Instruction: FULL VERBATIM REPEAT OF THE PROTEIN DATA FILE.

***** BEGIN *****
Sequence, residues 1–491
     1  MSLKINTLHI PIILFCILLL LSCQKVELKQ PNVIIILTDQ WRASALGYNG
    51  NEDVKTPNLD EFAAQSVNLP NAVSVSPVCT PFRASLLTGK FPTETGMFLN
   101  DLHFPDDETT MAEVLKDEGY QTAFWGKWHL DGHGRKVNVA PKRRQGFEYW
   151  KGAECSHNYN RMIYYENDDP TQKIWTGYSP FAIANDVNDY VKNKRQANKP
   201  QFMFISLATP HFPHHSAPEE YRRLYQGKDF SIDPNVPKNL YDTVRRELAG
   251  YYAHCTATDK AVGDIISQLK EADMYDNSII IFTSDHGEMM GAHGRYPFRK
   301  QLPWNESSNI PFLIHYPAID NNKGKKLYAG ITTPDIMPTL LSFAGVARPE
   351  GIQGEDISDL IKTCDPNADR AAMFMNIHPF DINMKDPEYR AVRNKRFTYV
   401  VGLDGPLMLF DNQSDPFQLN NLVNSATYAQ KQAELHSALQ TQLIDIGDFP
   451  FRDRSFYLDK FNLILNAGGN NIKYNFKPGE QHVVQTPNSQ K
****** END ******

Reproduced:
Sequence, residues 1–491
     1  MSLKINTLHI PIILFCILLL LSCQKVELKQ PNVIIILTDQ WRASALGYNG
    51  NEDVKTPNLD EFAAQSVNLP NAVSVSPVCT PFRASLLTGK FPTETGMFLN
   101  DLHFPDDETT MAEVLKDEGY QTAFWGKWHL DGHGRKVNVA PKRRQGFEYW
   151  KGAECSHNYN RMIYYENDDP TQKIWTGYSP FAIANDVNDY VKNKRQANKP
   201  QFMFISLATP HFPHHSAPEE YRRLYQGKDF SIDPNVPKNL YDTVRRELAG
   251  YYAHCTATDK AVGDIISQLK EADMYDNSII IFTSDHGEMM GAHGRYPFRK
   301  QLPWNESSNI PFLIHYPAID NNKGKKLYAG ITTPDIMPTL LSFAGVARPE
   351  GIQGEDISDL IKTCDPNADR AAMFMNIHPF DINMKDPEYR AVRNKRFTYV
   401  VGLDGPLMLF DNQSDPFQLN NLVNSATYAQ KQAELHSALQ TQLIDIGDFP
   451  FRDRSFYLDK FNLILNAGGN NIKYNFKPGE QHVVQTPNSQ K